Book and Lyrics: Gerome Ragni and James Rado
Music: Galt McDermot
Director: Jonathan O’Boyle
Reviewer: James Garrington
One of the sad things about Hair the Musical is that it is famous – or infamous – as much for its nudity as for its themes and music.
When it first appeared in 1967 for a brief run in New York this was a significant piece of theatre with drug use, racial integration, disrespecting the flag and sexual references. The inspiration for the piece had come about when two actors, James Rado and Gerome Ragni, encountered an anti-war protest in Central Park, where a group of young people were demonstrating peacefully with flowers and marijuana. They felt it had the makings of a theatrical event, and started working on it, with the show transferring to Broadway. Initially banned in London due to the strict censorship laws here, it finally opened in 1968.
Times move on, and where these themes might have been provocative and shocking 50 years ago, they no longer have the same effect. To some extent that dilutes the impact of the show for a modern audience, but despite the passage of time remarkably little has changed. People are still protesting about war and social injustice, people are still struggling against being stereotyped and being able to be themselves in public. The war may no longer be in Vietnam, and draft cards aren’t being burnt, but the parallels are evident.
With a psychedelic set laden with multi-coloured tassels designed by Maeve Black, Hair the Musical is very much an ensemble piece. The cast of 14 all get their moment in the spotlight, with most of them getting their number to sing as well as dialogue – and as you’d expect they’re all very strong, with some notable performances. Jake Quickenden is perfectly cast with a performance that appears almost spontaneous as the unpredictable Berger, Daisy Wood-Davis shows some delicious vocals with a lovely Good Morning Starshine and Marcus Collins is also in good form as Hud. Perhaps the most memorable performance of the evening comes from Paul Wilkins as Claude, a young man torn between succumbing to authority and rebelling when he gets called-up to fight.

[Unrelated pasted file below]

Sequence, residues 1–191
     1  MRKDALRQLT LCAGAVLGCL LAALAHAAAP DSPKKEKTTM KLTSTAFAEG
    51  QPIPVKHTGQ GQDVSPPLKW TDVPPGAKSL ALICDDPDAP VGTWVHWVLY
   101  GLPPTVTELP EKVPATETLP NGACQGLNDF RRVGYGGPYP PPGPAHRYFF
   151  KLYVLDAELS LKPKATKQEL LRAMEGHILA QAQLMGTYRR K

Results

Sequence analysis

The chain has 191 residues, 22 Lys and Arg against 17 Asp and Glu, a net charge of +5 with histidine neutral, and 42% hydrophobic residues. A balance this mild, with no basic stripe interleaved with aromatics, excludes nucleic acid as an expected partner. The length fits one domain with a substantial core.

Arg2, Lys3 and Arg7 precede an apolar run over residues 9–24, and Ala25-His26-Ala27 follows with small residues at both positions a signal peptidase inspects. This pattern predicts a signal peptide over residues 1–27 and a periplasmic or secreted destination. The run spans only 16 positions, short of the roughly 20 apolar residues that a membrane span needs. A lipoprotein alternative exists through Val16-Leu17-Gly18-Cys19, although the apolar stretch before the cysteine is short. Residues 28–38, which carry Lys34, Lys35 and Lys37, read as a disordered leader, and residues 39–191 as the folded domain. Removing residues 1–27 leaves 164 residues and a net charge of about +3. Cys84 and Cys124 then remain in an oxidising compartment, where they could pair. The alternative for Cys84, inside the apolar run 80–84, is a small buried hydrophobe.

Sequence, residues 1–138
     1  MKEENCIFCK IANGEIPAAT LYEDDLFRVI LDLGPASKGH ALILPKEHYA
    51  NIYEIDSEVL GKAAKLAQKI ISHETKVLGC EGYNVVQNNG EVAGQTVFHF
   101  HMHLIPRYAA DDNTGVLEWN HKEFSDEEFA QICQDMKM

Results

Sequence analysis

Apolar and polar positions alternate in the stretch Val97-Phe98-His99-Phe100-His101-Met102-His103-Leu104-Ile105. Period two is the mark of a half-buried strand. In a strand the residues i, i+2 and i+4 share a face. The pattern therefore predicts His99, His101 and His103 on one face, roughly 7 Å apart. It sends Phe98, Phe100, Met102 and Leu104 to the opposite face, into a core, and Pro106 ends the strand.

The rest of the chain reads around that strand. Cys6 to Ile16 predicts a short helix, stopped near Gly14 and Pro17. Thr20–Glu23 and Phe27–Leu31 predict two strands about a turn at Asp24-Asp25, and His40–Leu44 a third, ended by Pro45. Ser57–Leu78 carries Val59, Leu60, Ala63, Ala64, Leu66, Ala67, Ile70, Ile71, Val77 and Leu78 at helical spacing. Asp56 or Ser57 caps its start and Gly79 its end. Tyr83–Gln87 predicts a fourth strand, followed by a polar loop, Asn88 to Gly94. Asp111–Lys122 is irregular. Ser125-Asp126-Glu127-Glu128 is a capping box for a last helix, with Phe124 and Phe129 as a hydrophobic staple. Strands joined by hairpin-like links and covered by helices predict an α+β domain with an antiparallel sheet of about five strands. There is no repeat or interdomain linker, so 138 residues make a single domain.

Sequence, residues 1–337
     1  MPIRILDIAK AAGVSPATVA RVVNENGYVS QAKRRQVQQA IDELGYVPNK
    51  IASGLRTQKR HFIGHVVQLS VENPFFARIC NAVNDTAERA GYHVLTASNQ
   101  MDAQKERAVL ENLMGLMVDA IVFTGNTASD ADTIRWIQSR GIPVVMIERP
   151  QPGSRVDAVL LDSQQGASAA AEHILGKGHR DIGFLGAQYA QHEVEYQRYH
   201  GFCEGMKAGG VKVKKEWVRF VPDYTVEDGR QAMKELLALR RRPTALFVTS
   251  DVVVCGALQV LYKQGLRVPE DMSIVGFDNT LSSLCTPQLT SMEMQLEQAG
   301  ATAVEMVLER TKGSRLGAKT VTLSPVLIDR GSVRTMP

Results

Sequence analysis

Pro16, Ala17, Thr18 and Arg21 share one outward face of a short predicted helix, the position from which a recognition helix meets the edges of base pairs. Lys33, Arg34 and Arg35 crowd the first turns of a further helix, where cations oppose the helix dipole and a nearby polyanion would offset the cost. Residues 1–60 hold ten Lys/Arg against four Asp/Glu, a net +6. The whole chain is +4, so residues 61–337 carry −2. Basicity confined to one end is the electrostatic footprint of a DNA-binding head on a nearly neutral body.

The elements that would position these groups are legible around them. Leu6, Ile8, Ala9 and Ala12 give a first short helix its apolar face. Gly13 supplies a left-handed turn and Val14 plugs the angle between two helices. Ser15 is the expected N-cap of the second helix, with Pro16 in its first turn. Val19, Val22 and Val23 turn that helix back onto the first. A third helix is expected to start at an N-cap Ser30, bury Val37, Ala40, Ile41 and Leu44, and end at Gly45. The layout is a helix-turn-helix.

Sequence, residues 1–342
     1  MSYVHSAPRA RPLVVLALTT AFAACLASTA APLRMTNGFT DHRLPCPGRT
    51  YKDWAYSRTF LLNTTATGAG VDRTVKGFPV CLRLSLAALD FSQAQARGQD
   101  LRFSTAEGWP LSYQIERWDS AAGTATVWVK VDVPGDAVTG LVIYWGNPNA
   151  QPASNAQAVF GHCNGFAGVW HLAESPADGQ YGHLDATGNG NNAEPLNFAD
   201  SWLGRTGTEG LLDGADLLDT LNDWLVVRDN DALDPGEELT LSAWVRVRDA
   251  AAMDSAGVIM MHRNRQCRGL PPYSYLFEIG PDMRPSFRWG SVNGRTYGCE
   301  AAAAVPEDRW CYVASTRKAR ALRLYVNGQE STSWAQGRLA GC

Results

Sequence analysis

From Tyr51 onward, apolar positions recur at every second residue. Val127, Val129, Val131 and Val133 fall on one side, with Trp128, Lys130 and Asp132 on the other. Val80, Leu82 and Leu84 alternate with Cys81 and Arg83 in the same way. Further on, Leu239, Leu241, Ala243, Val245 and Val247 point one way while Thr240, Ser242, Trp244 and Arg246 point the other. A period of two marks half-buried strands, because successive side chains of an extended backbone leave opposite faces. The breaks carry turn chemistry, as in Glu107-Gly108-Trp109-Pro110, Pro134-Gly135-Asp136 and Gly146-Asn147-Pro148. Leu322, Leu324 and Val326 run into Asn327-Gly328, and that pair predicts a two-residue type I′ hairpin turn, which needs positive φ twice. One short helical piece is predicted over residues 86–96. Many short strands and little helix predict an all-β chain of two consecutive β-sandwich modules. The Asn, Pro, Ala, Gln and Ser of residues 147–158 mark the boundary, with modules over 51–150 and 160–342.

This is a show with no real traditional plot or storyline – it’s a theatrical experience, chock-full of music with very little dialogue. The scenes that exist are little more than vignettes, small glimpses into the lives and thoughts of the characters. It’s also a show of two halves, with an almost jumble of ideas coalescing into something more coherent after the interval. It’s a shame that so many of the lyrics get lost in the delivery, as they serve to replace a lot of the dialogue in creating the whole.
It may not all make perfect sense but with some great choreography by William Whelton, it’s certainly entertaining – and audience members who remember that time will be reminded of the memorable songs, some of which became hits in their own right. Just don’t be surprised if you find Good Morning Starshine running through your head for the rest of the night.
Runs Until 4 May 2019 and on tour | Image: Contributed